The divorce rate has dropped significantly during the pandemic, according to a recent nationally representative survey of 3,000 Americans. The American Family Survey (AFS), which is sponsored by the Deseret News and Center for the Study of Elections and Democracy, found that the global catastrophe has actually strengthened marriages, despite concerns to the contrary early in the pandemic.
In the early months of the pandemic, a number of headlines warned that divorce rates would skyrocket as the quarantine took a toll, and the divorce rate in China reportedly rose as soon as its lockdowns ended in March. Recent evidence appears to point to the opposite, however, as couples report strengthened relationships and rekindled commitment.
The AFS study found that 58% of men and women between the ages of 18 and 55 said the pandemic made them appreciate their spouse more, and 51% said their commitment to their marriages had strengthened. A surprisingly low 8% said the pandemic has weakened their commitment to their spouse.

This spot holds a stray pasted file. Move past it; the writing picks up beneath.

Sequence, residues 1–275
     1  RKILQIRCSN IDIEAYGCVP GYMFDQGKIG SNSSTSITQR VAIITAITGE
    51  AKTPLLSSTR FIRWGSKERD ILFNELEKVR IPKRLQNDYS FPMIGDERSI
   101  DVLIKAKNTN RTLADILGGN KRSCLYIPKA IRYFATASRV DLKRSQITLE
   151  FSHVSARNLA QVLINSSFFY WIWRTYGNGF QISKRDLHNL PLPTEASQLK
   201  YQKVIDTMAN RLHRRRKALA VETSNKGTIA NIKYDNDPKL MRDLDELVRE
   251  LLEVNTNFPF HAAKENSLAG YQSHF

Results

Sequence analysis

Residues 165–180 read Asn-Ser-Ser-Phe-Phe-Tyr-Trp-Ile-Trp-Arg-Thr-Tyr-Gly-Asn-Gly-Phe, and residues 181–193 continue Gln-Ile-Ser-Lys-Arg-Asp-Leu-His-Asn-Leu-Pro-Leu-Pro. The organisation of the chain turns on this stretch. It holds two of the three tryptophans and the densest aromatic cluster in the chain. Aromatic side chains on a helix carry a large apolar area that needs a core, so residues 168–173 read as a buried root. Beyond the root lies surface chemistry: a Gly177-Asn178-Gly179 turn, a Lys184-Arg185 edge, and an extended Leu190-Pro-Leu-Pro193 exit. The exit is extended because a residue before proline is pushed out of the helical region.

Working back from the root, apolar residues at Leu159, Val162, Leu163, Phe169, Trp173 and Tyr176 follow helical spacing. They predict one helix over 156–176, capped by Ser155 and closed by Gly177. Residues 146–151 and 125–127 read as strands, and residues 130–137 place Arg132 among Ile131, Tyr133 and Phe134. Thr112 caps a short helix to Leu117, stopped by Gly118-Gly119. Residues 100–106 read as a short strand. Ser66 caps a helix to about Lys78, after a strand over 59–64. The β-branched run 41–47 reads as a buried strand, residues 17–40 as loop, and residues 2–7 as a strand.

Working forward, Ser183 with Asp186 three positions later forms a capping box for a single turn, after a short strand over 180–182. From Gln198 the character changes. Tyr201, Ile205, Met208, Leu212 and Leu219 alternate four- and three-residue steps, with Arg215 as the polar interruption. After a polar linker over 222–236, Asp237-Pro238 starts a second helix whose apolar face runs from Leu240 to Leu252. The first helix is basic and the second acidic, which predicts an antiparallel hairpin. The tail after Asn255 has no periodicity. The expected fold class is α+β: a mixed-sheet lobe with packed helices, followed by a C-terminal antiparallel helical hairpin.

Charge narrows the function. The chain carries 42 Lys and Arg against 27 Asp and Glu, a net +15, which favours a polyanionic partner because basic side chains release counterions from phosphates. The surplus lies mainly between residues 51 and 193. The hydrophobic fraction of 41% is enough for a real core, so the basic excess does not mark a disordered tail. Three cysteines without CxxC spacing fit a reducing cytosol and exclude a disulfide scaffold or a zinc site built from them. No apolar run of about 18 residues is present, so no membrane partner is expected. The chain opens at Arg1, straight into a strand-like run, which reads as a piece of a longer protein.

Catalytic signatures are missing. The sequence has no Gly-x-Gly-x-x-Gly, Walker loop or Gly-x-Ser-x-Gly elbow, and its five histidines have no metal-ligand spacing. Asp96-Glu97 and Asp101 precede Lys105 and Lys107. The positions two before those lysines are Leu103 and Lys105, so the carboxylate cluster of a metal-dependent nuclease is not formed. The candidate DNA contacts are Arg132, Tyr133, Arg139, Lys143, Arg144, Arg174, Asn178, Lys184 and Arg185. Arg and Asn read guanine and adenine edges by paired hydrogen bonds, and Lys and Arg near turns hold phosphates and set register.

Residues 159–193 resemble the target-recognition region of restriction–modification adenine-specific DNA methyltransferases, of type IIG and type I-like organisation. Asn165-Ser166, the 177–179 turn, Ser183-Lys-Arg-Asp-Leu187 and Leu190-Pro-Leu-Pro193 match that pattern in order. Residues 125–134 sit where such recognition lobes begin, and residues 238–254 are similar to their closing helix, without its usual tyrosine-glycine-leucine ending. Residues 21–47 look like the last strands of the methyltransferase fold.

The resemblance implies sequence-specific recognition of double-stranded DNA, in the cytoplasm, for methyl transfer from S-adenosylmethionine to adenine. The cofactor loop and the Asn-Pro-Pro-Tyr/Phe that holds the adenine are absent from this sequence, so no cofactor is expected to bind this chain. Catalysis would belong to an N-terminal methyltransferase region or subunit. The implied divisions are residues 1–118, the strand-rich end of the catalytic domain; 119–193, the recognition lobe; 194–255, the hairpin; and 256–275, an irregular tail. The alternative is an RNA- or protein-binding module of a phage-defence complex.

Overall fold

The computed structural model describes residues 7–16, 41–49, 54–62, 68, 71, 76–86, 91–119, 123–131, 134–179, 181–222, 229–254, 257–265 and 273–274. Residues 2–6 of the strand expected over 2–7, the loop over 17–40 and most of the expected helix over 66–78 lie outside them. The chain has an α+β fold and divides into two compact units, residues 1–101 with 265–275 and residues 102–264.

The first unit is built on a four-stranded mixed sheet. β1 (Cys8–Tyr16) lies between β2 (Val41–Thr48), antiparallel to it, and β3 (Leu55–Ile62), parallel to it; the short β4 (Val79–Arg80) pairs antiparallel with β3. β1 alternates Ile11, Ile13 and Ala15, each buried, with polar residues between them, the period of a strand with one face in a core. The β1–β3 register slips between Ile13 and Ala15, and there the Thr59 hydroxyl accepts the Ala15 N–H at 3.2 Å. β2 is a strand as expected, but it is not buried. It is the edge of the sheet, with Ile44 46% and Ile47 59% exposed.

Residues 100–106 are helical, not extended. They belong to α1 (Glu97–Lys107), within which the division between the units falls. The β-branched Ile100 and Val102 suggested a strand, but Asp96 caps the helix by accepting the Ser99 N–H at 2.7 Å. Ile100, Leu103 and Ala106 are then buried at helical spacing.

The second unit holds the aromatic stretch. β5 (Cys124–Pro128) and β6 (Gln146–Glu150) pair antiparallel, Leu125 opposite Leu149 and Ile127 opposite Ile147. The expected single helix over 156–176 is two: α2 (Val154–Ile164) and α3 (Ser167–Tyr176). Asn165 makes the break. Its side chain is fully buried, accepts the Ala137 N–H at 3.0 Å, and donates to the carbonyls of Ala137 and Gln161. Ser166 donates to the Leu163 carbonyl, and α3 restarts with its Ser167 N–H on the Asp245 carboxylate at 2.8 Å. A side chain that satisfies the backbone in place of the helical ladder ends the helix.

The percentage of people reporting marriage trouble dropped from 40% in 2019 to only 29% in 2020. The drop may be due, at least in part, to a decrease in marriages. Six percent of unmarried Americans under 55 reported an increase in wedding plans, while 7% reported plans to postpone marriage ceremonies. America’s marriage rate is already at a record low.
As noted by University of Virginia sociology professor Brad Wilcox, harsh times often deepen our resolve and strengthen our priorities, and that could be why the divorce rate during the pandemic is lower than many expected. “Adversity is more likely to lead to growth, strength, joy, and self-improvement rather than the opposite,” he said.
The pandemic has helped many people see how much they rely on their spouse, and it’s deepened their appreciation for contributions made to the household. Wilcox noted that the hopeful end of the pandemic will likely see an early 2021 surge in divorces, as people feel freer to visit courthouses and examine different housing options safely.
Wilcox expects the divorce rate overall to drop, however, matching the decline the U.S. saw after the Great Recession.